Humpback Whale and Big Data

I’ve got Big Data on my mind.

I’m in Singapore now, just a day ahead of the Strata + Hadoop world conference to co-present with one of my clients and share two stories on how we’re Acting on Insight with IoT in NZ.

During my flight I had Big Data on my mind too. In between movies on my flight and while unable to sleep, I found myself listening to the hum of the Dreamliner 787’s engines and staring at the in-flight map. I was thinking about how the sound reached my ears. How through the air, the fuselage’s carbon fibre and fire/sound/atmosphere insulation, the pressurised cabin, wiring and plastic I still heard the engines but, it was white noise and very much in the background.

I started to think about how sound travels through different mediums at different speeds. I also started to think about the upcoming conference. About proper use cases for Big Data and how it relates to traditional analytics, data warehousing, BI and data management.

On the in-flight map I saw that we were still over water in an area where Humpback whales migrate. I thought about the whales and how they can communicate over vast distances through water to find mates, organise hunts, or give ease to new born calves.

I found myself comparing the whale’s ability to exchange messages across the ocean with the hum of the jet engines. It made me think about the difference between conducting analytics using traditional data management methods and tools, and Big Data.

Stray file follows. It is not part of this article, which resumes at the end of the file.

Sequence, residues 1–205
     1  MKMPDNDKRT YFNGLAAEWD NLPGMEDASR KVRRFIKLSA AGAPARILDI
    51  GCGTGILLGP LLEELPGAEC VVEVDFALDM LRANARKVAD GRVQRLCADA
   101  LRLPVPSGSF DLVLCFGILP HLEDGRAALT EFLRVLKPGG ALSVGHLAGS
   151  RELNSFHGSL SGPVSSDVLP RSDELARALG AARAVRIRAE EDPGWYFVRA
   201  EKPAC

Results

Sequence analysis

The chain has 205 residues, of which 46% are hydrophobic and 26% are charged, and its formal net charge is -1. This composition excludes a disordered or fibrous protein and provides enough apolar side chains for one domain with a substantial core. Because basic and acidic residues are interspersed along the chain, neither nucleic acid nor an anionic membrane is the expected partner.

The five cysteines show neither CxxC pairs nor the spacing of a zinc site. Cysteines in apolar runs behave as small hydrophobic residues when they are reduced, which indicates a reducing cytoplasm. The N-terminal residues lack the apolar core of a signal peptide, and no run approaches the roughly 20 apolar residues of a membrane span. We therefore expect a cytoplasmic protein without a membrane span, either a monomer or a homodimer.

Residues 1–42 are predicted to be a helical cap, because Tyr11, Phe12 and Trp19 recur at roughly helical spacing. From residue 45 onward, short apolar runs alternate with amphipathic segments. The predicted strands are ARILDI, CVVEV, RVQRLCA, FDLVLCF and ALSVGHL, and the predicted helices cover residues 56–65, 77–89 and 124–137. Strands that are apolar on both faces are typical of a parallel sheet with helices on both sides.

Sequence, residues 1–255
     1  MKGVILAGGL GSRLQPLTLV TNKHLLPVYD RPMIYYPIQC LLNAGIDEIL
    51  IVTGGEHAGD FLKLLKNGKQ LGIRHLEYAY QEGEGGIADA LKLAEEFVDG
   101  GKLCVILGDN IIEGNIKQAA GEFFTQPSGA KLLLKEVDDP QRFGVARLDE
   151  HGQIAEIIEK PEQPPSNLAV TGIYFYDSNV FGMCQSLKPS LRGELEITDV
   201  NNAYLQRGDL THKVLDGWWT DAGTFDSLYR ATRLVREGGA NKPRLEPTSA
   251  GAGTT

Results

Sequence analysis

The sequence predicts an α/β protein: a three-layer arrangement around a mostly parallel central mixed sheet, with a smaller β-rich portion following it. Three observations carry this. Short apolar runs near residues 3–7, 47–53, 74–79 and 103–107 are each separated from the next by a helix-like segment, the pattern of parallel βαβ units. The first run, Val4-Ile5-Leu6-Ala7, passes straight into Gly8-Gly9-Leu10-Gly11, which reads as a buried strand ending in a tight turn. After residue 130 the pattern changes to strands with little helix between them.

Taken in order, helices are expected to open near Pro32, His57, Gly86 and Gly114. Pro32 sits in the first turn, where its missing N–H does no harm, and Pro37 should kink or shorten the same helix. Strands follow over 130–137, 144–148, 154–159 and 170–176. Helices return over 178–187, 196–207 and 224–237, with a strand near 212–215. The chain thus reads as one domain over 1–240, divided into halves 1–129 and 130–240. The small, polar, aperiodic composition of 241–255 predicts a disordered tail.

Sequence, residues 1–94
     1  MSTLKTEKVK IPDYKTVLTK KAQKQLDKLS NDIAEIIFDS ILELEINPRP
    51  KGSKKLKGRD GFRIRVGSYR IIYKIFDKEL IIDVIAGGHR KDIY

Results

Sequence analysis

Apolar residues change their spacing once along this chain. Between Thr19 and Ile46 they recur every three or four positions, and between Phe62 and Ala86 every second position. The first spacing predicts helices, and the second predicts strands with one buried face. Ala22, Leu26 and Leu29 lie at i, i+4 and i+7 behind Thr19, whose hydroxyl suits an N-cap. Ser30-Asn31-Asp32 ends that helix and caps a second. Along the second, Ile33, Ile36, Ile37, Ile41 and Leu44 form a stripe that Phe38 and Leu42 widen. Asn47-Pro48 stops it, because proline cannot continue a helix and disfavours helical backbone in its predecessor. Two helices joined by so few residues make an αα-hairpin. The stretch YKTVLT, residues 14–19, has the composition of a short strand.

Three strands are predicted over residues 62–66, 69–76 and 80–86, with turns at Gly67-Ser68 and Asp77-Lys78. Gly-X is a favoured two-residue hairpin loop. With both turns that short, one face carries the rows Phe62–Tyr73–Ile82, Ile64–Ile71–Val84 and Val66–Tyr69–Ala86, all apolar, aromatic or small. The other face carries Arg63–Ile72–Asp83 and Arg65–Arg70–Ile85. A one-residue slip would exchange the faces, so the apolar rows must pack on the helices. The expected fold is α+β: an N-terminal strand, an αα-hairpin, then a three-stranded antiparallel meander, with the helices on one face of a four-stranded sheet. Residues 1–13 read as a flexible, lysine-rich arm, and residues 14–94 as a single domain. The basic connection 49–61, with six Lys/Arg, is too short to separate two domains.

Here’s the metaphor: In water, sound travels faster and farther than it does in air. The same occurs when you do analytics with Big Data versus traditional data management methods and tools.

I’ve witnessed this effect myself with my teams building Big Data platforms and then ingesting and wrangling gobs and gobs of seemingly unrelated data in close collaboration with my clients’ data scientists – who now can rapidly develop, train and tune their analytic models with feedback to the data supply chain.

In the traditional environment, the data scientists used both vendor and open source analytic products on top of either relational or proprietary data stores and delivered insights fast using analytics. Fast relative to how others were doing so using the same tools and methods. Now, with the core Hadoop and Cloudera enhancements as a data platform, they have been able to share models and work collaboratively – and process the results of their many models even faster than before.

In one example, a client’s team produced a result from analysis in less than two weeks, enabling a business decision with the potential to earn double-digit millions within a year.

I’m approaching the Singapore Strata + Hadoop conference in search of similar stories which I hope that the contingent from NZ will join me in sharing with the cynics and fanatics in the peak of the NZ summer early in the new year. For those of you not from Middle Earth, start planning a trip down and join us for our Big Data conference on 18 January 2017.

Oh yes, here are the two numbers you’re thinking about – 343.2 m/s (air) and 1,484 m/s (water).

Devin’s speaker bio

http://conferences.oreilly.com/strata/hadoop-big-data-sg/public/schedule/speaker/237617

Act on Insight with IoT

http://conferences.oreilly.com/strata/hadoop-big-data-sg/public/schedule/detail/54402

 

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Devin Deen

As Director, Data & Analytics at enterprise IT, Devin ensures customers get to navigate, much more easily, the complexities of implementing data warehouse, data management, business intelligence and business analytic tools and solutions. Outside of e-IT he is active in the NZ tech-startup community and directly involved with successful SaaS company, ProjectManager.com.


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